So, with several days of work left in these areas, we will soon be moving toward getting the entire tail end of the car in a few coats of polyester high-build primer to allow the final finish work to be done.  This will include flattening the rear quarter flanges to provide a perfect mating surface to the quarter end cap flanges, finishing the outer flanges of the rear valence to present a clean, finished edge to the gaps, finishing up the front trunk lid edge fit, smoothing the rear wheel opening flanges, and scuffing the valence down to bare metal.  Plenty left to do in this area, and plenty left to report in our next update!

Right rear quadrant gaps are carefully aligned before any end cap contouring work can begin.  Gaps are set as close to 3/16" as possible and eah panel mounting location is indexed to allow precise positioning each time the panel or component is removed and reinstalled.

Left quadrant gaps are all set!  This area of the car is rather complex in that there are three (arguably four) critical gaps that must be managed at the same time.  Until each one is set to the exact width on each plane, no other work can be done to the end cap contours.  This is a careful balancing act that takes a lot of time to get right.

The gap at the leading edge of the trunk lid must be equal to the rest of the gaps to keep the refined look intact.  Before it's done, every gap edge in this entire assembly will be carefully massaged for proper fit.

Not to be forgotten, the end gaps on the lower valence receive the same attention as all of the others and the contours of these corners are carefully prepared to allow them to be smoothed with minimal filler.  This area of the 69-70 Mustang body is very often a very disappointing area on may cars due to lack of attention to gap detail.  Not here!

Right side valence gap is metal prepped and ready for a thin skim of filler to get the contour in shape.

The left side valence gap required very minimal work to get into shape.

The right side valence gap was a bit rougher stamping and required a little bit more filler work to get smoothed up.  This was somewhat more complicated based on the fact that the right side quarter stamping was a bit different than the left and required a bit more filler work as a result.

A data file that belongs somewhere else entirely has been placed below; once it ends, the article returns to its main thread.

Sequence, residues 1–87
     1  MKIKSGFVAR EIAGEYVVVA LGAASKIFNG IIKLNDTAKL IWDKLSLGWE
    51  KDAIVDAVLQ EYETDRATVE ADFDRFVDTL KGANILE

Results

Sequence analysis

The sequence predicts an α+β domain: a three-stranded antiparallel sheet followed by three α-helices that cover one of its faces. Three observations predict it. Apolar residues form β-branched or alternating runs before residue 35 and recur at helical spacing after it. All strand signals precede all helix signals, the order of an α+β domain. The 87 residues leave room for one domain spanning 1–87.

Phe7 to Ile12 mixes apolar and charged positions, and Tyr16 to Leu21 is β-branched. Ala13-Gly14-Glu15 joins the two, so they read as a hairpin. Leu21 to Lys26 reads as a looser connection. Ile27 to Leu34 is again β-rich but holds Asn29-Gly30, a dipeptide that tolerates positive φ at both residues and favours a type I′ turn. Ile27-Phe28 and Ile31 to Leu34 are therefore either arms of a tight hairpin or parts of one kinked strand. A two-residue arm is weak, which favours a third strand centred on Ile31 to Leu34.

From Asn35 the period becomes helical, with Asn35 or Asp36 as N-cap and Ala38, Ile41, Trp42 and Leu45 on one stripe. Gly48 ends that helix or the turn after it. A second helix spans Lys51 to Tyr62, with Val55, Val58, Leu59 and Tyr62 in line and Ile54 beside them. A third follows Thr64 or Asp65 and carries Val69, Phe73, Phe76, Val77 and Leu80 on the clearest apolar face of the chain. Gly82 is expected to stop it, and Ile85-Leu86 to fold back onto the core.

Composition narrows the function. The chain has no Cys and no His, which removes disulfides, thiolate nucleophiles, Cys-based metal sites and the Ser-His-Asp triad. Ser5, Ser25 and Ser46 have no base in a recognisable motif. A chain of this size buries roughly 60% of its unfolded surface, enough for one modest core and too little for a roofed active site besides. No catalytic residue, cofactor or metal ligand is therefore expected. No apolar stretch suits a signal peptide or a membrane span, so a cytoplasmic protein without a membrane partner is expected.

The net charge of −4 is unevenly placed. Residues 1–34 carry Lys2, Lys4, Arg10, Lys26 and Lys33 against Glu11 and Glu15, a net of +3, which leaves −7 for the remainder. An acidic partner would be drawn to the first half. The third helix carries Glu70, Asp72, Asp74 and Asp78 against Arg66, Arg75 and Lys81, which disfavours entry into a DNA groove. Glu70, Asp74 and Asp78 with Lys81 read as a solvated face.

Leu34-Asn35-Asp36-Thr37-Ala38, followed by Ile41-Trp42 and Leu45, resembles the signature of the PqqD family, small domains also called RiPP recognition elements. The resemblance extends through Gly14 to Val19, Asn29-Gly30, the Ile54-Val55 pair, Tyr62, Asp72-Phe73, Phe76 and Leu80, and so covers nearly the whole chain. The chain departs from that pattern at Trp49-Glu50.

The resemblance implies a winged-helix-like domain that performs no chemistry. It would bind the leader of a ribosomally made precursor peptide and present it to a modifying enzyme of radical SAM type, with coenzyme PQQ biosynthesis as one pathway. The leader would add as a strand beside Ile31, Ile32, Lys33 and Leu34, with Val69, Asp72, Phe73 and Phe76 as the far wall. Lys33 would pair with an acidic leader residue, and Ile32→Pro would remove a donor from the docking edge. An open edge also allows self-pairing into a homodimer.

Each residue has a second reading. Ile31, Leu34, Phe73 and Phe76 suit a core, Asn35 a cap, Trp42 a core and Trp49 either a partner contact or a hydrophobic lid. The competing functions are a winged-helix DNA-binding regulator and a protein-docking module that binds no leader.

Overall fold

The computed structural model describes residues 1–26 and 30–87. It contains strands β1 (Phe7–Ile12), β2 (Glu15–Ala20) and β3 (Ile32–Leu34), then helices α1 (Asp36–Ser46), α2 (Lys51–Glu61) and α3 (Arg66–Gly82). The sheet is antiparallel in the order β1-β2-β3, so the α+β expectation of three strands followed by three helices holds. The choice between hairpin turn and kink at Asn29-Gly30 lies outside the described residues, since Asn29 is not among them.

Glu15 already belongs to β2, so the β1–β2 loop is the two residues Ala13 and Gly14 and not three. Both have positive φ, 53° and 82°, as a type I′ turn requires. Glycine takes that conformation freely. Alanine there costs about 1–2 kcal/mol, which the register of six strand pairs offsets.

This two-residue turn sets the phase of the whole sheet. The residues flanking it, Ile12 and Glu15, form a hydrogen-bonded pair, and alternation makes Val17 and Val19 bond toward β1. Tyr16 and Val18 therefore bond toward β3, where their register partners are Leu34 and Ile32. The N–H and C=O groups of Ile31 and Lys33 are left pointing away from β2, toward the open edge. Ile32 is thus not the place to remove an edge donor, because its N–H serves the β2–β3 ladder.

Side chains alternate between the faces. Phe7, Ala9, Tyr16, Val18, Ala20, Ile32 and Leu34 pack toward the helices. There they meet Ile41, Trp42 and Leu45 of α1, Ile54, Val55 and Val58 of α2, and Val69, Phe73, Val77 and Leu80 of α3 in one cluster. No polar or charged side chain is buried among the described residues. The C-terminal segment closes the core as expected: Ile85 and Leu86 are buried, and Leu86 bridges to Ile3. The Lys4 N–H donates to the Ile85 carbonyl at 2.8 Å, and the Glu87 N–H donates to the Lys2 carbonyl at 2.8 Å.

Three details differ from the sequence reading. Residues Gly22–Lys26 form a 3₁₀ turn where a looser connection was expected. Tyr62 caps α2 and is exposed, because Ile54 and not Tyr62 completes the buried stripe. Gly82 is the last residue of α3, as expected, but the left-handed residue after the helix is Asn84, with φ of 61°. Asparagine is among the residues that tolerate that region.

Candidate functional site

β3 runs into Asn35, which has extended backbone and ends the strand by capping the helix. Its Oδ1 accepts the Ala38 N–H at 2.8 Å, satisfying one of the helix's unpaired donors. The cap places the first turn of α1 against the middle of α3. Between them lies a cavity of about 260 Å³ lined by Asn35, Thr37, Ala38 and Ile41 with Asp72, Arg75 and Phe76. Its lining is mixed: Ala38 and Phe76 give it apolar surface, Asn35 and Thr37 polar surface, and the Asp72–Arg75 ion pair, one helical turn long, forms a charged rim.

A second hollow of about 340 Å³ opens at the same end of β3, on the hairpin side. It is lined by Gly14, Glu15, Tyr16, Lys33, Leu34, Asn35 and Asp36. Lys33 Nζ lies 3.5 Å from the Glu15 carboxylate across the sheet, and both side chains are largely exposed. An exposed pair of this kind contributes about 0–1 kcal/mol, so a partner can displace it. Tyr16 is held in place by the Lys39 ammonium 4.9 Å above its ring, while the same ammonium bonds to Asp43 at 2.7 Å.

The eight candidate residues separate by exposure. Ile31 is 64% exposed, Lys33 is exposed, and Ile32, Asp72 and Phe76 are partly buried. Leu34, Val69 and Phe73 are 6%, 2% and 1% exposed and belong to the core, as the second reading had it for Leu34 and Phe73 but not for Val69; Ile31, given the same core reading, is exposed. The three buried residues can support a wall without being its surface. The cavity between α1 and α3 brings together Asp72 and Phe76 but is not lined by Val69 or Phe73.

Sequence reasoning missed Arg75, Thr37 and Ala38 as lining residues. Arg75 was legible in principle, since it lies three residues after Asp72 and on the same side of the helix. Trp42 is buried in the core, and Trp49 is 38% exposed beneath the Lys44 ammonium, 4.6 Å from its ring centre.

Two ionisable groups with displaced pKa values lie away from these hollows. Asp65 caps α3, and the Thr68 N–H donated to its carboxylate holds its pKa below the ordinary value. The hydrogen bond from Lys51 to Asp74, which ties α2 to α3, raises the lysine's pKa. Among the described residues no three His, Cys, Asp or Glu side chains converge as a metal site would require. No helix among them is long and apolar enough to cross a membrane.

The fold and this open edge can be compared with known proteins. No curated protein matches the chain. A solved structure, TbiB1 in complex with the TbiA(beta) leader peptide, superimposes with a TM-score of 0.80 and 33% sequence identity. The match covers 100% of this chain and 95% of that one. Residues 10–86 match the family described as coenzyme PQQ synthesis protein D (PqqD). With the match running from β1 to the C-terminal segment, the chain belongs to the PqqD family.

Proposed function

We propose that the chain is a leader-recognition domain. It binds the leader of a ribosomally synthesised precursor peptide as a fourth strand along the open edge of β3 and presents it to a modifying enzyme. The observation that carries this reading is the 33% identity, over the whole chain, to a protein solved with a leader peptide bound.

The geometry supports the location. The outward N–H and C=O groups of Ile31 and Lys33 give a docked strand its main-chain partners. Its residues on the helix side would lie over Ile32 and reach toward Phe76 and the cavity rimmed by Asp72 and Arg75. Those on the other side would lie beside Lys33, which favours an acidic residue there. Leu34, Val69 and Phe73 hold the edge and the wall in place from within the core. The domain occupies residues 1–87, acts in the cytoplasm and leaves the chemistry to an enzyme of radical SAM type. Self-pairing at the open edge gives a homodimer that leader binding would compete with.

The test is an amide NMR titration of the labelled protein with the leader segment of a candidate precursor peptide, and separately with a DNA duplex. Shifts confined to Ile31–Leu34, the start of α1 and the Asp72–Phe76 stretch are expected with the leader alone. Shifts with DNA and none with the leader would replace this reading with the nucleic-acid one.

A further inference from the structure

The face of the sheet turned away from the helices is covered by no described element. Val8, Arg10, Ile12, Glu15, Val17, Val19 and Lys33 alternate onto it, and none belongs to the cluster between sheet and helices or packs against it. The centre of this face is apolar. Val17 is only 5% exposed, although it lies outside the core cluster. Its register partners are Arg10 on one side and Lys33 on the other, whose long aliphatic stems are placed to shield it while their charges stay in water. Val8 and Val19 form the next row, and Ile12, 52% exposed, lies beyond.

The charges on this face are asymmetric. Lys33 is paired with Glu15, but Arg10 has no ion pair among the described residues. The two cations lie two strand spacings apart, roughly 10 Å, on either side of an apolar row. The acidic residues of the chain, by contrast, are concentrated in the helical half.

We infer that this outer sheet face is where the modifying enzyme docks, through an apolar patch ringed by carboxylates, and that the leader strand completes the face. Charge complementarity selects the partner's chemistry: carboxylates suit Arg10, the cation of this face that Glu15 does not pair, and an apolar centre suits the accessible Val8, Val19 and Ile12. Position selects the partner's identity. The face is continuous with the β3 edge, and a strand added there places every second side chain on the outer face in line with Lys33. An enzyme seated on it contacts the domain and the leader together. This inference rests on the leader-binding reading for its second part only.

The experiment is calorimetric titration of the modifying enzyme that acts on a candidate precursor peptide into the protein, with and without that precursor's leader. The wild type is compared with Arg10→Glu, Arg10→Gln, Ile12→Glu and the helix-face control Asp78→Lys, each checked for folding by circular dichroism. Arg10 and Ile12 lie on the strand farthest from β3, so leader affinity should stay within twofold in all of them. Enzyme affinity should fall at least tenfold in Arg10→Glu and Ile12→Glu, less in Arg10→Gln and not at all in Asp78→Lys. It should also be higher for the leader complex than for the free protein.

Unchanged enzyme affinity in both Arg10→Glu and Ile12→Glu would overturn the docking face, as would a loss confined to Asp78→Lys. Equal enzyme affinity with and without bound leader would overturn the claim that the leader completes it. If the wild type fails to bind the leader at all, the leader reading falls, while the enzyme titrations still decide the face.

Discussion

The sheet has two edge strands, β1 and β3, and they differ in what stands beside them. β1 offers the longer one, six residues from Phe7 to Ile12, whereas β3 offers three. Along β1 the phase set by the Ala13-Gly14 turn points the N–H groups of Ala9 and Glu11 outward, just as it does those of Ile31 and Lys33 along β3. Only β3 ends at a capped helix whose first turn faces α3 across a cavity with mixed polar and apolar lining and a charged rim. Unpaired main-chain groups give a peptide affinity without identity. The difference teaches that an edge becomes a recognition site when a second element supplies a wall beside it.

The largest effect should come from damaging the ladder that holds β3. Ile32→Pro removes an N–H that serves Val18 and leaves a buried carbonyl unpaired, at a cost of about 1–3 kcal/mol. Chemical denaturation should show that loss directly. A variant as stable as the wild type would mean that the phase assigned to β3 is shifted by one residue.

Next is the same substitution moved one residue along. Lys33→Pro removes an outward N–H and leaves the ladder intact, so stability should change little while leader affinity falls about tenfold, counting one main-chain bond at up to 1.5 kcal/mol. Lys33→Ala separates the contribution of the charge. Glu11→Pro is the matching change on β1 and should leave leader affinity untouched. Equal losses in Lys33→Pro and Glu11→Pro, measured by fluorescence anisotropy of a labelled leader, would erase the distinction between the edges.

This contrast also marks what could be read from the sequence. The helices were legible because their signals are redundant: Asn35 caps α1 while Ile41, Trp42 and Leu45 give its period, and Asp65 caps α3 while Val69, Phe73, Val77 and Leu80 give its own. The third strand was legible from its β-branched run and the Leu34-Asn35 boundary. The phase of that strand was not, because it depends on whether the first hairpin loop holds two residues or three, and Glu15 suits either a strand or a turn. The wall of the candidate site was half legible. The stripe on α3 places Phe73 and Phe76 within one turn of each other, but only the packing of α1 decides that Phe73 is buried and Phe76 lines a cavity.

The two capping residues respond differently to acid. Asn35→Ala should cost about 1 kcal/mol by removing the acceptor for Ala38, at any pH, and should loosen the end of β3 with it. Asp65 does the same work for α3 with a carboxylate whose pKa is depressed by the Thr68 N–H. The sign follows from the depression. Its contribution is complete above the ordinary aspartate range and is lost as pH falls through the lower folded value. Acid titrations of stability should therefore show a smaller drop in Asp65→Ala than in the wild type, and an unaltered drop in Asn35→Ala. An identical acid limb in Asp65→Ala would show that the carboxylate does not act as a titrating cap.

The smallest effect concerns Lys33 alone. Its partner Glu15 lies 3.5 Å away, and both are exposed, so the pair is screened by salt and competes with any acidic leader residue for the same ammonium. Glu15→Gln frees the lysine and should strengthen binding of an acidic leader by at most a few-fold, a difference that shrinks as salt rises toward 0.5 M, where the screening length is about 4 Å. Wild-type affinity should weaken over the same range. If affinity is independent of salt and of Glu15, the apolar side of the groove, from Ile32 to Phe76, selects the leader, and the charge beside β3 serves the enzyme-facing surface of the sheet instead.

With carefully machined aluminum spacers in place to precisely establish the .050" gap between the rear quarter end cap and the quarter flange, the two components can now be carefully contoured to create a beautiful transition.  This area is another highly variable joint that often looks less than desirable on "stock" 69-70 Mustangs and I am not a fan of seeing this gap filled altogether.

Filler application over a small gap can often be accomplished without masking.  While the filler is in the gel phase, the gap can be cut with  razor knife on the "guide edges" to allow the gap to remain clean and easy to prep.

Left side end cap is now fully blended into the quarter contours and skimmed in glazing putty in preparation for high-build polyester primer application to perfect the surface.

Right side end cap contouring is complete!

With end cap gapping and smoothing complete, the focus can now be shifted to cleaning up the read faces of the end caps and smoothing the front trunk lid to body interface across the gap.
The remainder of gap smoothing on the trunk lid will involve very subtle applications of filler.  here, we have scuffed the primed surfaces on each side of the gap with 80 grit paper to give the filler a solid foundation. 

At the conclusion of this update, here's where we are:  The rear faces of the end caps are skimmed along with the front trunk lid edge area.  Several more hours of work are involved in these areas before we move to the application of high-build polyester primer and hand blocking every surface to the ultimate shape.


  1. Sven, you managed the gaps in 3 dimensions like Troy Trepanier or Chip Foose! I never would have thought that consistent gaps across all the panel joints would make such a huge impact on the look of a car. Absolutely and unequivocally stunning!

    1. Woah Dennis, that is some rarified air there and I am certain I ain't worth that level of compliment! Rest assured I am blushing as a result and most appreciative of such kindness. Around the shop, these have taken on the nickname of the "$3000 trunk gaps" due to the fact I have spent so much "shop" time on them. Nice huh?

  2. Great post and great work Sven! Looking forward to more!

    1. Thank you Grant! More on the way soon!

  3. SVen,
    Is your Mustang built in Dearborn?

  4. .050 !? Now that's what I call an attention to detail. Funny though how such a fine level of precision improves the overall presentation of car in such a big way. Amazing work again, Sven.

    1. Ya gotta have a target! In all seriousness, when you create a gap at the end cap, it becomes so noticeable that you have to keep it very tight and consistent or it starts looking wired. My eye has always balked at 1/16" gaps in this area, so .050" makes for a good target to shoot for to keep it tight enough to look good but not so wide as to look completely out of place. Tricky business! You are probably laughing hysterically right about now...........8^)